They can also just switch to a different desktop (on most operating systems). They could instead set their favorite browser to say it's SEB. That's takes about two clicks for computer geeks who have the user agent switcher already enabled, or six clicks for someone who has never done it before. There are probably six or seven ways to get around it, even without getting into anything sophisticated.
Really, it's all kind of like the latch on a bathroom stall - it tells people what behavior is expected, but in no way is it secure in any sense of the word. Safebrowser is really just a strong suggestion letting students know they aren't supposed to use Google during a quiz. If they decide to break the rules, there are a dozen ways for them to do so, many of them simple. That's an administrative and cultural issue, not a technical issue.
Of course, you might ask yourself - am I testing knowledge that the student will need to have immediately in mind in the real world, and not be able to check a reference? Let me use myself as an example. Myself, I've been programing professionally for 17 years and I have reasonably impressive credentials to say I'm competent. I look up programming syntax and such several times every day. Testing how well a programmer can do when they aren't allowed to use reference material is silly because actual programming work does use reference material constantly. Encouraging the student to use reference material is a much better test of real world competence because in the real world the person who uses reference material most effectively does the job most effectively.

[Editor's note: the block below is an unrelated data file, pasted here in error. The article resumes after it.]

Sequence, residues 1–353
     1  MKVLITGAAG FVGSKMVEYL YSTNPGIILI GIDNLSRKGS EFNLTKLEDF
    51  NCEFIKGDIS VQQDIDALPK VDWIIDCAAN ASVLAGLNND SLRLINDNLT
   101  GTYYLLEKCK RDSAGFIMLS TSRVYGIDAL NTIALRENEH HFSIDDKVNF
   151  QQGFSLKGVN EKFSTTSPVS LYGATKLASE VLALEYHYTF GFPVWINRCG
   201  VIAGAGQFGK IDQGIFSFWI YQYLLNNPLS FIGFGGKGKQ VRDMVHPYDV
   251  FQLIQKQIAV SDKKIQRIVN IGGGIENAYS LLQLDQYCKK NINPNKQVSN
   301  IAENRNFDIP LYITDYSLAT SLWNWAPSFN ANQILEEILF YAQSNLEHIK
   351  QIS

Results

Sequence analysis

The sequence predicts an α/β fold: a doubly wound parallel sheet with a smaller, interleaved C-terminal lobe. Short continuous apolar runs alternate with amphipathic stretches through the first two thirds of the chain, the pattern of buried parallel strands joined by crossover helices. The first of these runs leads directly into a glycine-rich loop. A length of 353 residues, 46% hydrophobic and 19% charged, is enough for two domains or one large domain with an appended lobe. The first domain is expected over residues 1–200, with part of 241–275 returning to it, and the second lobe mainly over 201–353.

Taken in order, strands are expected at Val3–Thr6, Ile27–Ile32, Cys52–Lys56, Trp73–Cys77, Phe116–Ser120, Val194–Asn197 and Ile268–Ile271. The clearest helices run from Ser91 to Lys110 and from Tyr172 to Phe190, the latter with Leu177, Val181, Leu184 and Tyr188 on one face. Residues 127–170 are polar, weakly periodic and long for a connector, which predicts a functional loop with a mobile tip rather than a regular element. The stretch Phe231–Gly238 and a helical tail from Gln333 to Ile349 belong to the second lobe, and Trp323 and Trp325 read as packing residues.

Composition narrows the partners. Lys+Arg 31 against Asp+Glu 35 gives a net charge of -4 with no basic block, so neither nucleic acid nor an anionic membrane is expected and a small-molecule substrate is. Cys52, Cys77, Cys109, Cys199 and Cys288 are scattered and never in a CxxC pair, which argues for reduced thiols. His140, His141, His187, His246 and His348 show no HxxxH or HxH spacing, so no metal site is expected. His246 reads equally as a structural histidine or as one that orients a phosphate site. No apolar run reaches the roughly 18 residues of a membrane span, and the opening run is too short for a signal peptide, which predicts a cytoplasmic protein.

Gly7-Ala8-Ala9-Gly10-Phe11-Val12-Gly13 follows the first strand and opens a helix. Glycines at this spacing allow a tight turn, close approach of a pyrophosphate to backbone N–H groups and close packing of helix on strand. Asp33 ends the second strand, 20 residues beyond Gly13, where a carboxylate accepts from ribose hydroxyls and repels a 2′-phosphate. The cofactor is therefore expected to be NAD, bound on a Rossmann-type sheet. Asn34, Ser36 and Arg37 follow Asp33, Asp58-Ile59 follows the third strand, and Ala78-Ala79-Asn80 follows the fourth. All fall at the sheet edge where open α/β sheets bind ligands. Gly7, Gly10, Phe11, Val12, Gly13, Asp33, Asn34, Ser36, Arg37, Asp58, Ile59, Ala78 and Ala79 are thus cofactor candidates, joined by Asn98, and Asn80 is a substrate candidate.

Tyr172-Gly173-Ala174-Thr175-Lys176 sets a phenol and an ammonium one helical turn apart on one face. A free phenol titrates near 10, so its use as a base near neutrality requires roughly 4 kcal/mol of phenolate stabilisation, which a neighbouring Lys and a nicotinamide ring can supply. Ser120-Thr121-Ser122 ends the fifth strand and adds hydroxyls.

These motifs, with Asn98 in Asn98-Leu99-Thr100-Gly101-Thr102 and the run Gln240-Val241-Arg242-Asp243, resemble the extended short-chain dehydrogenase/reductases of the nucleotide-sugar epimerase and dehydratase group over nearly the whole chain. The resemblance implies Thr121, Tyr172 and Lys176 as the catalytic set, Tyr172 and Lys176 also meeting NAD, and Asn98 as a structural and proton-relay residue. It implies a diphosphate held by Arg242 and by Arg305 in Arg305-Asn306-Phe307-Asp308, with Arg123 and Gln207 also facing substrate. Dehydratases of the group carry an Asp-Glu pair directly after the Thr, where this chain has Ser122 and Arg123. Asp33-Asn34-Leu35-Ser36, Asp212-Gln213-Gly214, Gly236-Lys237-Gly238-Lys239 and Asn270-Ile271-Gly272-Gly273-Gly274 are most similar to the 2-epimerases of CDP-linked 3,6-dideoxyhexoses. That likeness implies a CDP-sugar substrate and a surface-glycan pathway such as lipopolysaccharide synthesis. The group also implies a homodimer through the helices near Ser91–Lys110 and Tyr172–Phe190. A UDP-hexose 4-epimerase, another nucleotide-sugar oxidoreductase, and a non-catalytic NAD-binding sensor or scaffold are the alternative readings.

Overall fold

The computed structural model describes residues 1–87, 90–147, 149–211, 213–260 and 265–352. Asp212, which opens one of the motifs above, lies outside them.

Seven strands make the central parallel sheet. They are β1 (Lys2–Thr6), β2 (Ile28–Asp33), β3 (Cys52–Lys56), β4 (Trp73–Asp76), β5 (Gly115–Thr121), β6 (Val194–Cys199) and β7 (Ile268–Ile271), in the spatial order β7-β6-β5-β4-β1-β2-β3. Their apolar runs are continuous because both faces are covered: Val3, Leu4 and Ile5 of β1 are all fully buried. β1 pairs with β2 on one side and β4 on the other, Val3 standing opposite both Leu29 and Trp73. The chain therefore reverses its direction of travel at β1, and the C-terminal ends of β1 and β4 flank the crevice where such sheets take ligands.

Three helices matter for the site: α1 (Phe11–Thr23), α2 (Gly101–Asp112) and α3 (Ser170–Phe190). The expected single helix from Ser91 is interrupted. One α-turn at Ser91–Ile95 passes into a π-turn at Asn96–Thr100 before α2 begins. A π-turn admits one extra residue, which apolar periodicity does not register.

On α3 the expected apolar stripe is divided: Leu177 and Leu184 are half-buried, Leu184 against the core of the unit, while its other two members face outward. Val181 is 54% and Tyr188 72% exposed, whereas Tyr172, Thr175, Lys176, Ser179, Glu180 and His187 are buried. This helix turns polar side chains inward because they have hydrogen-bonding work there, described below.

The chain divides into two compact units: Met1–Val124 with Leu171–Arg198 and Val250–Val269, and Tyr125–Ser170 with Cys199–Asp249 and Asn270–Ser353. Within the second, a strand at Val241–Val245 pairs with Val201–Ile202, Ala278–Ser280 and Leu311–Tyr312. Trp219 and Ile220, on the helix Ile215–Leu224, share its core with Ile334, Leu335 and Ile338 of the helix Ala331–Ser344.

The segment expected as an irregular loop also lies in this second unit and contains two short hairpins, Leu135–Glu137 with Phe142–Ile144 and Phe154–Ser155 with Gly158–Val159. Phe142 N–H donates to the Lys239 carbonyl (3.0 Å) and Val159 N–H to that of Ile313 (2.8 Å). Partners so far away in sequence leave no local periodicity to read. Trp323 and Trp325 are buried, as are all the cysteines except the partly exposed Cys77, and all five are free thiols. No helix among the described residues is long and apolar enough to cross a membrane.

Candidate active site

All that to say, in many (most?) cases trying to prevent students from referencing outside sources is a futile attempt to make your test WORSE, to make it NOT represent how the student would need to use the information in the real world.
* As a contra example, fighter pilots should immediately know, off the top of their head, what to do when they've been hit by opposing canon fire. No time to check the manual or cheat sheet when you're being shot at. Even in most other emergencies, though, pilots DO pull out the checklist, so for accurate results ONLY the "gunfire" quiz would not be open book.
Hmm, that gets me thinking. In real world application of knowledge, generally you can't refer to a reference in extremely urgent situations. If you can spare a few seconds, you can whip out your smart phone and check. So perhaps use that fact with quizzes - if you expect the students to be able to answer in a split second, set a really tight time limit. If you don't mind if it takes them 30 seconds to answer, perhaps there's no reason they can't use that 30 seconds to check reference material.